I got up later than I wanted to this morning and so turned on CBS's Sunday Morning in the middle of Oprah Winfrey's discussion with an informal panel of other celebrity women talking about the "me, too" movement and related issues. Men seem to be taking a beating these days, but we tend to be dense, and it will take more blunt dialogue to get it through our thick skulls that we must modify not only our behavior towards women, but our entire mindset when it comes to gender relations reform.
Tracee Ellis Ross said something in that roundtable that really got my attention, but I fear it was lost on a lot of people listening. The crux of her comment was basically that men no longer get to define women, as individuals or a group, in any way. Men do not get to define a woman's mood ("Smile, smile!"), her purpose (catering to men?), and definitely not her place in society (quiet and demure).
We have, unwittingly, perhaps, treated women in the same manner that we have treated non-Caucasian races and ethnic groups. We have given them "permission" to fulfill certain roles and then become hostile when they resist or get "uppity" and create their own roles, the ones they truly desire and are usually the most qualified for. Blacks, for example, are embraced as long as they entertain us on the stage, screen, athletic field, court, or arena, or otherwise perform for us Whites. They cease to be human, but are products instead, though we would never frame it that way in polite conversation.
Women are right, the time for polite conversation is up. Time for some hard lessons. I know I could stand a vastly better education myself. Women are realizing they no longer have to answer to men, to be subservient, settle for less than they are worth, or settle for less than they are capable of achieving. They are not obliged to modify their bodies or emotions for the benefit of men. They have been tolerant to the point of boiling over. Many still struggle with conflicting emotions of assertiveness and "not wanting to rock the boat." That only points to how blessedly empathetic they are. God knows we could use more of that.
Women have allowed men to deny them not only opportunities for advancement in every conceivable context, but they have bent over backwards to please us. The karma chiropractor of the "me, too" movement has been long overdue. I find myself oddly relieved by it. Maybe I don't have to pretend to be macho anymore; but I also have to confront my own attitudes, impulses, and instincts and overcome them or refine them. The scientist in me understands that human beings are still animals, and we have a long history of "base" relations to the opposite gender. Those biological imperatives are not overcome overnight. However, that our species has advanced as far as it has in other aspects of the "logical" gives me hope that the "bio" will become less of a defining element in reaching a more equal and enduring pinnacle of social evolution.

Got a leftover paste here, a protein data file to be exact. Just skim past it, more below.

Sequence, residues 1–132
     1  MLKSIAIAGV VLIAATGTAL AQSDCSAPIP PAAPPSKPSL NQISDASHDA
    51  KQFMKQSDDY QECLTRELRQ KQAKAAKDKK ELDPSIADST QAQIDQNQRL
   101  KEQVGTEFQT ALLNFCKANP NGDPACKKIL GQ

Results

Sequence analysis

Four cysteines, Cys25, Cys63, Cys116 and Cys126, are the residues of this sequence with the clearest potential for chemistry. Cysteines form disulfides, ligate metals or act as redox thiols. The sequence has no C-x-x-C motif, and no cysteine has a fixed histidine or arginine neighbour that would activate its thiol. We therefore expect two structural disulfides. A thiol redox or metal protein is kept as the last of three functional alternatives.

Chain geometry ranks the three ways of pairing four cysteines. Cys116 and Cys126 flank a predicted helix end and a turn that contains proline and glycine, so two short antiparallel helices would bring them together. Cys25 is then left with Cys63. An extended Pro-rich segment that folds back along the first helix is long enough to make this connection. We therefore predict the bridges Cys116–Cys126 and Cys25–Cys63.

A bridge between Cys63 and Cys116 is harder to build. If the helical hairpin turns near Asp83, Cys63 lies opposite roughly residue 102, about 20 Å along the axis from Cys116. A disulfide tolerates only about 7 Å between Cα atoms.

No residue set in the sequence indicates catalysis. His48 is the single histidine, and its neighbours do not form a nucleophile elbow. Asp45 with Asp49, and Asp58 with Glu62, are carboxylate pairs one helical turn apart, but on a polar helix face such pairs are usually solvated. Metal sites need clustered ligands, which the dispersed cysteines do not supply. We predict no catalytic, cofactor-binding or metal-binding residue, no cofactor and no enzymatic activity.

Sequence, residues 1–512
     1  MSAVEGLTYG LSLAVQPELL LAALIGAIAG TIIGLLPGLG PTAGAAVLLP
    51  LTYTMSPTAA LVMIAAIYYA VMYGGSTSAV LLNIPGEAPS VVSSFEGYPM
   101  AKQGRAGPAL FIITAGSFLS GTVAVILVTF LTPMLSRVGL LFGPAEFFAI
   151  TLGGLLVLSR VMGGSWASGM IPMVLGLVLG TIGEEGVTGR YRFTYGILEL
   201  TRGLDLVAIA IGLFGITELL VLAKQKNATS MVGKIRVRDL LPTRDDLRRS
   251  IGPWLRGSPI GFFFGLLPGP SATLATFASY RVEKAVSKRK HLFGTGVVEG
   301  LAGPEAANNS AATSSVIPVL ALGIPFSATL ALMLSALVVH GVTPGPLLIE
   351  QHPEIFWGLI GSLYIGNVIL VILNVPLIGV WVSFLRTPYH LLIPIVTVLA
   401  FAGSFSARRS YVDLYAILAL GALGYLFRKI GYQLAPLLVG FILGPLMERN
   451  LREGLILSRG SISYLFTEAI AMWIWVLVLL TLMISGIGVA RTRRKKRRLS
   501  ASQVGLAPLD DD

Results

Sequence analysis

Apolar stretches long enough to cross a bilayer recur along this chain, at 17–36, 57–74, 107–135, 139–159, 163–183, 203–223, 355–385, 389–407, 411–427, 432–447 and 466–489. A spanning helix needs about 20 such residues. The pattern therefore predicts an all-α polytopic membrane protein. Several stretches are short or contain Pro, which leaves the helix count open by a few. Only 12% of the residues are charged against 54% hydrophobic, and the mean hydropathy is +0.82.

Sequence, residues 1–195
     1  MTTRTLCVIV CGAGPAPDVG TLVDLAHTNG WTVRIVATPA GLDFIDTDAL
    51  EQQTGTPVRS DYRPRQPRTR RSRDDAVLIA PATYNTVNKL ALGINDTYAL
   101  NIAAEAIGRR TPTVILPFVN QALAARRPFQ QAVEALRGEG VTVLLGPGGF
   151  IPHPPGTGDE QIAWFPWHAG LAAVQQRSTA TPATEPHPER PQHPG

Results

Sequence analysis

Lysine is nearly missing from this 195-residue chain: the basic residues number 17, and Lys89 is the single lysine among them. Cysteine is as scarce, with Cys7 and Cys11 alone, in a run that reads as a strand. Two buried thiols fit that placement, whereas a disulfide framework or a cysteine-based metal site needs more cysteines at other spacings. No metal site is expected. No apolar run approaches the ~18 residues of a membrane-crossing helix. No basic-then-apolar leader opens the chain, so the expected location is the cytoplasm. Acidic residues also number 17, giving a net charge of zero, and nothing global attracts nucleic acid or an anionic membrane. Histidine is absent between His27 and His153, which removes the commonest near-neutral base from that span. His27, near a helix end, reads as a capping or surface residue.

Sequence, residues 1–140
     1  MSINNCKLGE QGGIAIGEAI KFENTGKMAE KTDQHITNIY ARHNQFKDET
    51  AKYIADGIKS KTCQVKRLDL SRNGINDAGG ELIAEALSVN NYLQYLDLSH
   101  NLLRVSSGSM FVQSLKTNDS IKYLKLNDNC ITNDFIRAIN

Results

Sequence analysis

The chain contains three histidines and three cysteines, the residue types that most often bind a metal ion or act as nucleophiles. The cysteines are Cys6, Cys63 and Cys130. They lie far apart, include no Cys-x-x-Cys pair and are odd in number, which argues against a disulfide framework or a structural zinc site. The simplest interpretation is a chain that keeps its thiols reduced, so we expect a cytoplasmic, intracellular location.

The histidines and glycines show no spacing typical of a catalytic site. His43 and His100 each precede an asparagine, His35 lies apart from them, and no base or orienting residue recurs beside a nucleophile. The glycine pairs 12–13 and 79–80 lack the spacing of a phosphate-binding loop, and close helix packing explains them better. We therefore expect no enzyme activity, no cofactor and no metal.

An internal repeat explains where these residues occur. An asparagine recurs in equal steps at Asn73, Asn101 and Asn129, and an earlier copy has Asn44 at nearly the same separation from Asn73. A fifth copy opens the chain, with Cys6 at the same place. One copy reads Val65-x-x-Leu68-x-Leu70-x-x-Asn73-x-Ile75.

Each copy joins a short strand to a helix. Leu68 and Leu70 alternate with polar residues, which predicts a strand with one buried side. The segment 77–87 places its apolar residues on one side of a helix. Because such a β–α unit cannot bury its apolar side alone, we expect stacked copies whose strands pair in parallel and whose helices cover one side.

So what if the "natural order" of things is toppled, or even turned on its head? It would be a small price to pay in the short run, with massive benefits in the long term. Gender relations as expressed in the "me, too" movement are very much akin to the civil rights movement. Indeed, emphasis should be on civility as extended to all human beings regardless of any other personal attributes.
Women have a dream for equality in every regard and they are entitled to it. To paraphrase the late Dr. Martin Luther King, Jr., they long for the day when they, and their female descendants, will live in a nation where they will be judged not by the size of their booty, the content of their wardrobe closet, their decisions about childbirth, or whether they want to be housewives or entrepreneurs, but by the way they treat themselves and others in meaningful ways. Note the emphasis on intangible qualities, made evident through positive actions. The women I know already lead that kind of life of mutual respect and dignity and assertiveness. It is a model of true leadership that both women and men should strive to attain.